Leak into downstairs flat - advice

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    Leak into downstairs flat - advice

    Hi,

    I'm new the forum and the UK and wonder if you can advise…
    I’ve recently moved to the UK from Canada and so I’m not sure of rights and liabilities... I moved into my flat a few months ago and caused a leak into the apartment below me by leaving the tap running in the bathroom for a few minutes while I washed the basin out after I had shaved. The basin overflowed and caused some damage to the apartment below – mainly ceiling damage. To add to this, the tap isn't particularly powerful and the plug wasn't in the basin.
    A plumber was called and there are no leaks to the bath or toilet (to verify that this was the issue). I’m happy to pay for the plumber in good faith. However the plumber stated the following:
    1. The discharge pipe isn’t large enough which causes water to remain in the basin and slows drainage
    2. There should be a burble valve? To prevent air lock and the allow the sink to drain quicker
    3. There is no overflow to the basin
    The neighbour below says this has been going on for some time (Extending to before i moved in)? Which is odd if this one off incident has been a recurring issue. Plus he hasn’t mentioned this to me or to my knowledge the LL or previous tenants before…

    Could anyone advise who is liable for damages? Im happy to pay for whats fair but in my experience, taps should be allowed to run without overflowing when no plug is present in the sink.

    #2
    Whatever the state of the overflow you are responsible for the flood. Taps are not intended to be left running unattended, and overflows are not intended to have to cope with running taps.

    The fact that others might have done the same is irrelevant.

    But you only need to pay for the damage you caused, not prior damage. Even if it might be theoretically possible to claim on insurance, that does not absolve you and there are all sorts of other issued like increased premiums and excesses.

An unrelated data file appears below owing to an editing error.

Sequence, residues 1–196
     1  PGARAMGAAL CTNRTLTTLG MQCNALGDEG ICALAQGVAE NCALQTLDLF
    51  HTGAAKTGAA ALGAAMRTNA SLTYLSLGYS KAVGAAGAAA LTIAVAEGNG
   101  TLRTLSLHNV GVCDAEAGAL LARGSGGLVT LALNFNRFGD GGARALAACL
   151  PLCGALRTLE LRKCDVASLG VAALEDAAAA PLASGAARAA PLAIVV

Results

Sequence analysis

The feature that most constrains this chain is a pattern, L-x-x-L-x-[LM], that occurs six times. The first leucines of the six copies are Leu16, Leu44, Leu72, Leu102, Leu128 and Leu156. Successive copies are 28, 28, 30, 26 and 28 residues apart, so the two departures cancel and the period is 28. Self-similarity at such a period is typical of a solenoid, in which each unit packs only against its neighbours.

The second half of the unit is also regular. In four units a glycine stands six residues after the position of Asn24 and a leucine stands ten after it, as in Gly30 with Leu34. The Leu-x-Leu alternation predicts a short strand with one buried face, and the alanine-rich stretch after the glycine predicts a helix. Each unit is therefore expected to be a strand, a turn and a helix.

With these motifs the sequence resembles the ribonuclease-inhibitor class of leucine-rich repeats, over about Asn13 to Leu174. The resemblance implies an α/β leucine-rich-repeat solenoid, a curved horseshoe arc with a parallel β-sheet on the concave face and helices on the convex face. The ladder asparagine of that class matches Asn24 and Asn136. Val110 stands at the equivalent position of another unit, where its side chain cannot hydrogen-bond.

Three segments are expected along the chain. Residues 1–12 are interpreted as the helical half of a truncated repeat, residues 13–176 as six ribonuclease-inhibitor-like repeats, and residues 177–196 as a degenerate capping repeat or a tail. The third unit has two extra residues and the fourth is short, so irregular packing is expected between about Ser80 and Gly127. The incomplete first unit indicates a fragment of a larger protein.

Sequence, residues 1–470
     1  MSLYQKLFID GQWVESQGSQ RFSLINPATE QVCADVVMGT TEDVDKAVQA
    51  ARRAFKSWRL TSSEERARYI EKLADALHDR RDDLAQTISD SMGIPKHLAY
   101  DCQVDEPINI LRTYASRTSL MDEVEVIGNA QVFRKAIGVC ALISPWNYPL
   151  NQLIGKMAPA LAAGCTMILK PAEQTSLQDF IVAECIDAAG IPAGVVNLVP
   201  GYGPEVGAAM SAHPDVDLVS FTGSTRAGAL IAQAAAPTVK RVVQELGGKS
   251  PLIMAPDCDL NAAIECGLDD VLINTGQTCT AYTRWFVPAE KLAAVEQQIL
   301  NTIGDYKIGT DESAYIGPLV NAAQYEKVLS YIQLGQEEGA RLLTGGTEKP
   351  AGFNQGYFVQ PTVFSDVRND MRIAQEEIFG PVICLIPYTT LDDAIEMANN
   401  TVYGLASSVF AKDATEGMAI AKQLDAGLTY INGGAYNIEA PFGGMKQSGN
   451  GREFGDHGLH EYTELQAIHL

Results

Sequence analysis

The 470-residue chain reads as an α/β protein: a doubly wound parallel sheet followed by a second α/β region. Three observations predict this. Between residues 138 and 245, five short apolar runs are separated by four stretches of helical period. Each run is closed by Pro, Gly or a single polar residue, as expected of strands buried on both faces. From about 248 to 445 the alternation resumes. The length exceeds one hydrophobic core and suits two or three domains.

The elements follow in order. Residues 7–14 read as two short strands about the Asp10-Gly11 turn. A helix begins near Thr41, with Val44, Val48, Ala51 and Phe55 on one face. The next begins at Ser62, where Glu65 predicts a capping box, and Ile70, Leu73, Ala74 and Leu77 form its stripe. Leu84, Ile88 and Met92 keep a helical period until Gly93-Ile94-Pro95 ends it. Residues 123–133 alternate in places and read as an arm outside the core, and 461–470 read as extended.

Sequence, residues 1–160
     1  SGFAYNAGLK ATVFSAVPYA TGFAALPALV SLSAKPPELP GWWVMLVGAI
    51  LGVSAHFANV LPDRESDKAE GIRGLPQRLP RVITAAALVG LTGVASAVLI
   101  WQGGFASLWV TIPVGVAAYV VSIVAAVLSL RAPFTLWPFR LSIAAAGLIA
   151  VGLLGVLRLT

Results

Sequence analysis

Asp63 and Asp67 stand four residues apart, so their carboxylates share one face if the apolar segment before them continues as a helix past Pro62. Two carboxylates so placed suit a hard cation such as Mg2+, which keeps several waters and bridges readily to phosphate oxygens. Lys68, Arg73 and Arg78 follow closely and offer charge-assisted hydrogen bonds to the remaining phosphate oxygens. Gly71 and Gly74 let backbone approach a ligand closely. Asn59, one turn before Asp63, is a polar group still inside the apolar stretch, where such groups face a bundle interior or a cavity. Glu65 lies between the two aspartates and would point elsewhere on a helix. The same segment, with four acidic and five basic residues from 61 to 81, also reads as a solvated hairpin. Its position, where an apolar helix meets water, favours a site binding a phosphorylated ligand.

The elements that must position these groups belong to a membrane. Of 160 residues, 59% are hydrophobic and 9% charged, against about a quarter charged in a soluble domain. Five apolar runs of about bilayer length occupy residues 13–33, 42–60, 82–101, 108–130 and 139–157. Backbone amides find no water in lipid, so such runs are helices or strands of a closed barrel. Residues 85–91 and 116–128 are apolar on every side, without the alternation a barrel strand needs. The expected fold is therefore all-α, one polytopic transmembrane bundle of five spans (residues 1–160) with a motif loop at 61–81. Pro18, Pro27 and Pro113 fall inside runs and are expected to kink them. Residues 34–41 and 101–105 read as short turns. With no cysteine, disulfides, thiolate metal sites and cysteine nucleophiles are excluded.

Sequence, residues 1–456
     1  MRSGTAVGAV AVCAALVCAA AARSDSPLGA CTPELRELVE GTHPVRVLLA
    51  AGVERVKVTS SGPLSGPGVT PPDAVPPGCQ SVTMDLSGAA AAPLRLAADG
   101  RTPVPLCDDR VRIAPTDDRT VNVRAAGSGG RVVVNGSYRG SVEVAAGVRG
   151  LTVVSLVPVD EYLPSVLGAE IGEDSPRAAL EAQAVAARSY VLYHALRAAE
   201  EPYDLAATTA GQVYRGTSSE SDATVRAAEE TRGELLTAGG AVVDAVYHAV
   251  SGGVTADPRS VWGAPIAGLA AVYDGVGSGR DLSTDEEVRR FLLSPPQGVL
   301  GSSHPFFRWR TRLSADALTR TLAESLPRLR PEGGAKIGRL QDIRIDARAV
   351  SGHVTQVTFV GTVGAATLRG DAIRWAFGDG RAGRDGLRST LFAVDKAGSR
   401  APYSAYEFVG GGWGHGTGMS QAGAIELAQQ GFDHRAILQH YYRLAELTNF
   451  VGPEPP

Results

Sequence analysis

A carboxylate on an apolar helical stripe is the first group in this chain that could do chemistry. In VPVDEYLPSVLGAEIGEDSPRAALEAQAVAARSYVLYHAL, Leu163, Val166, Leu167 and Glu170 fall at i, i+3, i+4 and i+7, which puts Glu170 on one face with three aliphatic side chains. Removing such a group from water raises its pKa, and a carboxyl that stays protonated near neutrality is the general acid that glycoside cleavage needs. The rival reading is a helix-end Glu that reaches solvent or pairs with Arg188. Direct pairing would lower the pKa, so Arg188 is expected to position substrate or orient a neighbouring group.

Comment


      #3
      I'd say it must have been more than 'a few minutes' if there was enough water to damage the ceiling downstairs.

      Even if there was a basin overflow they are hardly ever of a sufficent size to discharge a fully running tap, they are:
      1. An air vent to allow faster draining of a basin after you pull the plug out.
      2. A 'second chance' to slow down filling while you notice that you have made a mistake and left the tap on.
      3. To cope with a dripping tap / plug still in scenario.
      https://www.thespruce.com/the-purpos...erflow-2718785

      A 'bubble' valve may help, but probably not, they are meant to stop gurgling noises, and to prevent the syphoning of water out of the trap/s-bend so that smellls come from the outlet.
      If you have those problems then one could be considered.
      One of these would not have prevented the overflow.

      If the basin fills up and overflows when the taps are run and the plug is out then possibly the piping is too small, but if it's the same size as the basin outlet then bigger piping will not help.
      Its probably more to do with the routing and 'fall' of the pipes.

      In the end you admit that it was your error in leaving the tap running unattended that caused the overflow and so caused the damage.
      If you had not left the tap running unattended it would not have happened. Bet you don't do it again.
      Your fault, your responsibility to pay for any damage caused to your neighbours ceiling.

      Be careful of that plumber, he seems to be suggesting things that may be 'better' but would not have prevented your accident.
      There again he may just have been making suggestions, not pushing you to take them.
      Of course if he can persuade you to change the pipes and fit a bubble valve then he makes more money.

      Comment


        #4
        T responsibility.

        Comment


          #5
          It turns out that there was a leak coming from the roof that caused the problem. It just so happened to be on the same day. However the sink will still be fixed which is good news.

          Comment

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